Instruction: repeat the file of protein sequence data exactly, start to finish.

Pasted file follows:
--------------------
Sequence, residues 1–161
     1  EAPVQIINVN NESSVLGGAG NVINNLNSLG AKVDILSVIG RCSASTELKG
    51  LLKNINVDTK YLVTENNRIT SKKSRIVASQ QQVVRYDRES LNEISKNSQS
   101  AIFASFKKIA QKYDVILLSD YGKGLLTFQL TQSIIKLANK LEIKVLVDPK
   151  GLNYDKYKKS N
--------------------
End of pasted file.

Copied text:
Sequence, residues 1–161
     1  EAPVQIINVN NESSVLGGAG NVINNLNSLG AKVDILSVIG RCSASTELKG
    51  LLKNINVDTK YLVTENNRIT SKKSRIVASQ QQVVRYDRES LNEISKNSQS
   101  AIFASFKKIA QKYDVILLSD YGKGLLTFQL TQSIIKLANK LEIKVLVDPK
   151  GLNYDKYKKS N